Basic Size and Basis Weight
The basis weight refers to the weight in pounds of
500 sheets of paper when it has been cut to that paper's standard
basic size. For example the basic size for Bond paper is 17 x 22 inches.
If 500 sheets (a ream) of Bond is cut to its basic size of 17 x 22
inches and weighs 20 pounds, it is classified as 20 lb. bond. If a
17 x 22" ream of Bond paper weighed 24 pounds it would be called
24 lb. Bond, and so on. The chart below contains some common paper
types and their basic size.
17" x 22"
17" x 22"
25" x 38"
25" x 38"
20" x 26"
25-1/2" x 30-1/2"
22-1/2" x 28-1/2"
22-1/2" x 28-1/2"
24" x 36"
ISO Size Standards
The International Organization for Standardization
(ISO) has established standards for paper sizes based on the metric
system (millimeters). The standards have been grouped into three different
series of requirements: "A-series", for general printing,
"B-series", for posters, and "C-series", for envelopes,
postcards, and folders. The "A" series is the most commonly
used with sizes ranging from A0, which is the largest, down to A8.
The A-series sizes are all represented as a part
of the area of one square meter with a length to width ratio of 1.414.
The size A0 is equivalent to the area of a square meter with each
smaller size being 50% of the size of the preceding one. A1 is 50%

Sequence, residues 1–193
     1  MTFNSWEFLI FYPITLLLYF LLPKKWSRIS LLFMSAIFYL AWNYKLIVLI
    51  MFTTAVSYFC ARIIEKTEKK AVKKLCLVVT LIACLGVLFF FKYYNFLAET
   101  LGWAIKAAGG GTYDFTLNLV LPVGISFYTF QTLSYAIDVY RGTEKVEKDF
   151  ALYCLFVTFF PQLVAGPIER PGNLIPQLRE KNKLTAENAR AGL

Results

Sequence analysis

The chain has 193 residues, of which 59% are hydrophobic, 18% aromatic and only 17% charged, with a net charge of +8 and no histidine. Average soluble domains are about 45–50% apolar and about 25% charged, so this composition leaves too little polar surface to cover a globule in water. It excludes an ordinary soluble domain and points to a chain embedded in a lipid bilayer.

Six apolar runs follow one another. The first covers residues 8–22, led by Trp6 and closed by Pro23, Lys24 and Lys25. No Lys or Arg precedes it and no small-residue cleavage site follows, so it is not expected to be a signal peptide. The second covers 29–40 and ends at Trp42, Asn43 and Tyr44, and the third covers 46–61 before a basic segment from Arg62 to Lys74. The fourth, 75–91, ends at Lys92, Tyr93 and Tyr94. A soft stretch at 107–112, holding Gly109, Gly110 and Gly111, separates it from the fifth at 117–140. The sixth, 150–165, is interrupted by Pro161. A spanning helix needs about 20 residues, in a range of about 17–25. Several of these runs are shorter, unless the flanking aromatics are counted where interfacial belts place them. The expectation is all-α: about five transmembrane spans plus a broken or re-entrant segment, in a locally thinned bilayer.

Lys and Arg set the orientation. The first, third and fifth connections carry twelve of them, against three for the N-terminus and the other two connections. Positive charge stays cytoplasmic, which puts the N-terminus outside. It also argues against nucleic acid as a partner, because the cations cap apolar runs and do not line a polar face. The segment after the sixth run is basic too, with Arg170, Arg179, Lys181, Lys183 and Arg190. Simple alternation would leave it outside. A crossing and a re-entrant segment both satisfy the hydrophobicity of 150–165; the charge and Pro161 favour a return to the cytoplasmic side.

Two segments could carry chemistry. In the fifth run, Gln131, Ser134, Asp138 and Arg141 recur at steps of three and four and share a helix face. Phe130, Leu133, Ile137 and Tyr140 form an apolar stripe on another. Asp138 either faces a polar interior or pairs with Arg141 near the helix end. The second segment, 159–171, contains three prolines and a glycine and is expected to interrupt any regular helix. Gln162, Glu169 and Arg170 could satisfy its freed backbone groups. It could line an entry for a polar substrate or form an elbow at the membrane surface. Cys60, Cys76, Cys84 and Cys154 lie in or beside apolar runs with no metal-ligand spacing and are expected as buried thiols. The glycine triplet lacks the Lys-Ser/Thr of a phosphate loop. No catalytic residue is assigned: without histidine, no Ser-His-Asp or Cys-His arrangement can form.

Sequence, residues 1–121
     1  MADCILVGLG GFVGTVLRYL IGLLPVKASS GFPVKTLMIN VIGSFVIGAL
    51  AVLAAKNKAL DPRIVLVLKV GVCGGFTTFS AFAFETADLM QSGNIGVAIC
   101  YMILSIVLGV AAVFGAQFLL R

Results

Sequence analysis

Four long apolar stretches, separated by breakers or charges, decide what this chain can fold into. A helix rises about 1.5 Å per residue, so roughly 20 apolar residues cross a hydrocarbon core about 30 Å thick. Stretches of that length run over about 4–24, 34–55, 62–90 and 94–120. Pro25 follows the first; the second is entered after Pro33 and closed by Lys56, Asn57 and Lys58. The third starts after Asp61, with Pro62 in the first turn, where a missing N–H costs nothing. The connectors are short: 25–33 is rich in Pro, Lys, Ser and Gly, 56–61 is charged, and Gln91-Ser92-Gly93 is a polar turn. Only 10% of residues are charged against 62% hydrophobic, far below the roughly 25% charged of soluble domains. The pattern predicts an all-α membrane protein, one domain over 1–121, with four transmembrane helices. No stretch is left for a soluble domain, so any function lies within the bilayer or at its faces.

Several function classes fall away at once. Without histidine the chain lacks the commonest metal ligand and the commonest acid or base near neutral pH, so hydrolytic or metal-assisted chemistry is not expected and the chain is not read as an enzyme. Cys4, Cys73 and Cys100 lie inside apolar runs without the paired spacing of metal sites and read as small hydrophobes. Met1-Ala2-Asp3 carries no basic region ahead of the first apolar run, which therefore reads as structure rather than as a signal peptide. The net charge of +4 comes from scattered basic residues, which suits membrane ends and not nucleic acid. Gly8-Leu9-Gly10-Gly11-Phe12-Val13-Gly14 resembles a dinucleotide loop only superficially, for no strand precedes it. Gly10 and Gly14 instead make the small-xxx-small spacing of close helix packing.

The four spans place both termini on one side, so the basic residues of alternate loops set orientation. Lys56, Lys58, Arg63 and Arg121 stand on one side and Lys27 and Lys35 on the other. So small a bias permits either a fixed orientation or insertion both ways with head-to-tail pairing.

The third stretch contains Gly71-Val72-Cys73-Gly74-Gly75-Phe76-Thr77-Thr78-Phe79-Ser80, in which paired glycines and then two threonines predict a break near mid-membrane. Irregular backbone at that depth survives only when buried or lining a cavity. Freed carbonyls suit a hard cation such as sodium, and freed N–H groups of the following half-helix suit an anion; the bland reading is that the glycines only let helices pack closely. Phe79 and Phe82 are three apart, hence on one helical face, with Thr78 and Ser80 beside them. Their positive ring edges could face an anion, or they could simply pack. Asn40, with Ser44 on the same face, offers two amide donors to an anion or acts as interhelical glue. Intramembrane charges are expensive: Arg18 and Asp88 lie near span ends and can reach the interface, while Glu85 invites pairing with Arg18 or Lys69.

of the area of A0, A2 is 50% of A1, and so on. Another way to look
at it is that when an A0 sheet is cut in half, two A1 sheets are produced,
and when an A1 sheet is cut in half, two A2 sheets are produced. Some
of the sizes for the A-series are shown in the illustration below.
North American Size Standards
Although the ISO size standards are common in many
parts of the world where the metric system is the established standard
for measurement, North American sheet sizes are based on inches and
are shown in the illustration below.
Universal Web Sizes
The paper rolls shown below are the standard widths
used on web presses. The illustration also shows the standard ISO
sheet sizes and the standard North American sheet sizes that can be
obtained from each roll width.
The chart below shows the actual thickness of various
weights and grades of paper. The readings are taken with a caliper